Our ongoing Q&A series features Carillon Tower affiliate managers sharing their diverse investment philosophies and thoughts on the market.
Scout Investments has been offering mid-cap products since 2006. The asset class represents an often-overlooked opportunity for investors. Investors may think they have the mid-cap space covered with a combination of large- and small-cap managers, but there is more to this asset class.
Mid-caps have outperformed their small- and large-cap peers since 1979. There are up to 300 mid-cap companies – roughly 40 percent of the Russell Midcap Index – that are uncovered by other asset classes. We refer to this as the “cap gap”: an overlooked space where investors may find opportunity. We also believe mid-cap companies offer the best risk/reward characteristics over time and are poised to continue their competitive performance.
Our team chemistry is a big plus. Co-portfolio managers Derek Smashey and John Indellicate have been with the Scout Mid Cap team since the firm's 2006 inception. Co-portfolio manager Jason Votruba and senior investment analyst Eric Chenoweth joined the team in 2013 and 2017, respectively. Scout’s unique disciplined investment process and flexible valuation approach can make us attractive to investors. We incorporate top-down macroeconomic and company-specific analysis with an emphasis on quality. We have a philosophy of letting our winners run when it’s to our clients’ advantage. Team members focus their research on specific sectors of the market. We spend time analyzing risk factors of the stocks we own, especially before quarterly earnings reports. This is another advantage of active management versus passive.
Scout uses a “toolbox approach”: utilizing different tools to select stocks during bull and bear market cycles. The team incorporates a good understanding of the macroeconomic picture when positioning sector weights. Our bottom-up research checklist helps identify companies with good fundamentals. We buy stocks based on their fundamentals and quality characteristics while giving due consideration to the valuation. If their fundamentals weaken, that’s when we act decisively and sell.
We remain bullish on equities, but an increase in volatility is likely as the market adjusts to higher interest rates and trade tensions. From a sector point of view, we are sticking with investments in cyclical companies for now, with an emphasis on technology, financials — including banks and insurance companies that benefit from higher interest rates, materials, and energy as strong U.S. and global growth is lifting earnings. We expect equity markets to continue to rise but if the Federal Reserve turns more aggressive, credit conditions may turn bearish. In that case, our portfolio would become more defensively positioned.
Scout’s equity investment teams employ distinct investment philosophies and processes to pursue long-term capital appreciation objectives that are consistent with client goals. Our thoughtful approach to asset management extends to how we cultivate client relationships and to how we distribute strategies via separate accounts, commingled funds and mutual funds.
Learn more about our Carillon Scout Mid Cap Fund.
Carillon Tower Advisers is a global asset-management firm supporting autonomous boutiques spanning investment disciplines and asset classes, each with a focus on risk-adjusted returns and alpha generation. We believe this lineup of institutional-class portfolio managers can help investors meet their long-term business and financial goals. Ultimately, this structure allows investment teams to focus on what they do best: managing portfolios.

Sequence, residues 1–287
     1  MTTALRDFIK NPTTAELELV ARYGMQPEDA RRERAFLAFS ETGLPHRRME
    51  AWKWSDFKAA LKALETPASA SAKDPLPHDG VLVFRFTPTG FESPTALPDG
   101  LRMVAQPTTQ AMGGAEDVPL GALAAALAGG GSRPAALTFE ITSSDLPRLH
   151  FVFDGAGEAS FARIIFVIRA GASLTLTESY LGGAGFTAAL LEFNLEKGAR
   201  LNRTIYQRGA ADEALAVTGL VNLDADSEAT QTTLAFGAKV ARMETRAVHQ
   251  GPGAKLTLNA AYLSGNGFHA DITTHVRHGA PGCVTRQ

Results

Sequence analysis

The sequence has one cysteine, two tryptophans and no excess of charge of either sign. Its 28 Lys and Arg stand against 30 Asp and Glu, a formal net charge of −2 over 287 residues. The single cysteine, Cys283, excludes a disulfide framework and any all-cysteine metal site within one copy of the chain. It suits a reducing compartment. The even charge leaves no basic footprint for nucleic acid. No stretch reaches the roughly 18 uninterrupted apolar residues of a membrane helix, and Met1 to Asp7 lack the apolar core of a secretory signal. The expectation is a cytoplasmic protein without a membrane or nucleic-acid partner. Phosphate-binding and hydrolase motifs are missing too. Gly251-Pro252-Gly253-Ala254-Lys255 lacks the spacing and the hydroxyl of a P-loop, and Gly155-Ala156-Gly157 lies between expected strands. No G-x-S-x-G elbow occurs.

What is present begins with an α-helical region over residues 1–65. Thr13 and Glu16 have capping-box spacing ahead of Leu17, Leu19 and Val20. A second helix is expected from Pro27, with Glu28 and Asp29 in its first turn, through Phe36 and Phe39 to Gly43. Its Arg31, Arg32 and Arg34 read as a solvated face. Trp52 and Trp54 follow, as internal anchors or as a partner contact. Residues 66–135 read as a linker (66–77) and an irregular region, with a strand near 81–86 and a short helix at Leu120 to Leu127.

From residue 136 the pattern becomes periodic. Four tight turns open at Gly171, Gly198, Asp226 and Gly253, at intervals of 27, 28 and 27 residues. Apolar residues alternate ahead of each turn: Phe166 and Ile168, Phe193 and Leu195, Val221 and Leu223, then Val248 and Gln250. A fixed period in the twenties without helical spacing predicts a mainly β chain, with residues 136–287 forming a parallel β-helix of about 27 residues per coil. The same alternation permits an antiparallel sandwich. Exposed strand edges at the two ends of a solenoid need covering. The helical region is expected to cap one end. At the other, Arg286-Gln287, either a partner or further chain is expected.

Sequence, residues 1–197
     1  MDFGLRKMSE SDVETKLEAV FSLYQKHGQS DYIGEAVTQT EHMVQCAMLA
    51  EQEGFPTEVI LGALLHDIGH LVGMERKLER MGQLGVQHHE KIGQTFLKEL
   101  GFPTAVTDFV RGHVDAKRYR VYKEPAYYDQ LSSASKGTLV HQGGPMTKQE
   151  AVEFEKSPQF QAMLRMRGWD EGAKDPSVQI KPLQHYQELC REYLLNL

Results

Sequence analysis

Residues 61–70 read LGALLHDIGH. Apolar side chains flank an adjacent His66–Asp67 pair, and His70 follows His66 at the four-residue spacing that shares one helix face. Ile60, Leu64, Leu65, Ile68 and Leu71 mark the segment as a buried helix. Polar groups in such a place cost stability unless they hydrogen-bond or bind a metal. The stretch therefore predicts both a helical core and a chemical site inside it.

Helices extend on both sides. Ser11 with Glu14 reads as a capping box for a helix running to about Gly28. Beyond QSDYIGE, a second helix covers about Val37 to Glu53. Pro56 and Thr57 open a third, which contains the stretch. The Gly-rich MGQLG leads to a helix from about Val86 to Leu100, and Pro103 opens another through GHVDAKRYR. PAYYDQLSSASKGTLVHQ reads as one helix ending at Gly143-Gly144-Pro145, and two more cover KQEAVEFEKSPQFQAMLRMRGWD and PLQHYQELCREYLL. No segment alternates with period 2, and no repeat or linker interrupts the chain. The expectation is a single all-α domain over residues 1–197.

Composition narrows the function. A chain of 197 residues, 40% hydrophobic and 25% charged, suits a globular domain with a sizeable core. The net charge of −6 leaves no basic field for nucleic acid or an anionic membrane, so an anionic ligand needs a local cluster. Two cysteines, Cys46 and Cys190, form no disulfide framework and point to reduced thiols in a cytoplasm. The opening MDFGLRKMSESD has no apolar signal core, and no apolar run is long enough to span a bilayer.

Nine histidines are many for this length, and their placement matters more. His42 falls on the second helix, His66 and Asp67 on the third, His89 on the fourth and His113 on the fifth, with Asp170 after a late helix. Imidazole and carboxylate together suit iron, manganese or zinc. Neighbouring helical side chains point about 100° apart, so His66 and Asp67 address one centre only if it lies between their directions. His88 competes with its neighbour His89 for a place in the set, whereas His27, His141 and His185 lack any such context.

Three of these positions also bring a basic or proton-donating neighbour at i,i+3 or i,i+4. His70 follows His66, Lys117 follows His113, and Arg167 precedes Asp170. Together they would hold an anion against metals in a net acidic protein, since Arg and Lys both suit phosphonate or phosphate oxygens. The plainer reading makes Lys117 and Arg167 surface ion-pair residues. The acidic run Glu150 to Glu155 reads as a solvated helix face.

Investing in mid-sized companies is based on the premise that relatively smaller companies will increase their earnings and grow into larger, more valuable companies. Historically, mid-cap stocks have experienced greater volatility than other equity asset classes, and they may be less liquid than larger cap stocks. Thus, relative to larger, more liquid stocks, investing in mid-cap stocks involves potentially greater volatility and risk. In addition, mid-cap stocks have experienced greater volatility than other classes of securities. Mid-cap stocks can also be less liquid than those of large companies, and illiquidity increases the potential for volatility. As with all equity investing, there is the risk that a company will not achieve its expected earnings results, or that an unexpected change in the market or within the company will occur, both of which may adversely affect investment results. The biggest risk of equity investing is that returns can fl uctuate and investors can lose money. Not every investment opportunity will meet all of the stringent investment criteria mentioned to the same degree. Trade-offs must be made, which is where experience and judgment play a key role. Accounts are invested at the discretion of the portfolio manager and may take up to 60 days to become fully invested. Past performance does not guarantee or indicate future results. The information presented is for a representative account and for illustrative purposes only and should not be used as the sole basis for an investment decision. Actual account holdings will vary depending on the size of an account, cash fl ows within an account, and restrictions on an account. *As represented by the Russell 3000® Index, the Russell 2000® Index and the Russell 1000® Index. The Russell 2000® Index measures the performance of the 2,000 smallest companies in the Russell 3000® Index, which represents approximately 8 percent of the total market capitalization of the Russell 3000® Index. The Russell Midcap Index measures the performance of the mid-cap segment of the U.S. equity universe. The Russell Midcap is a subset of the Russell 1000® Index. It includes approximately 800 of the smallest securities based on a combination of their market cap and current index membership. The Russell Midcap represents approximately 31% of the total market capitalization of the Russell 1000 companies. The Russell 1000® Index measures the performance of the 1,000 largest companies in the Russell 3000® Index, which represents approximately 92 percent of the total market capitalization of the Russell 3000® Index. The Russell Top 200® Index measures the performance of the 200 largest companies in the Russell 3000® Index, which represents approximately 63% of the total market capitalization of the Russell 3000® Index. Frank Russell Company (“Russell”) is the source and owner of the trademarks, service marks and copyrights related to the Russell Indexes. Russell® is a trademark of Frank Russell Company. Neither Russell nor its licensors accept any liability for any errors or omissions in the Russell Indexes and / or Russell ratings or underlying data and no party may rely on any Russell Indexes and / or Russell ratings and / or underlying data contained in this communication. No further distribution of Russell Data is permitted without Russell’s express written consent. Russell does not promote, sponsor or endorse the content of this communication.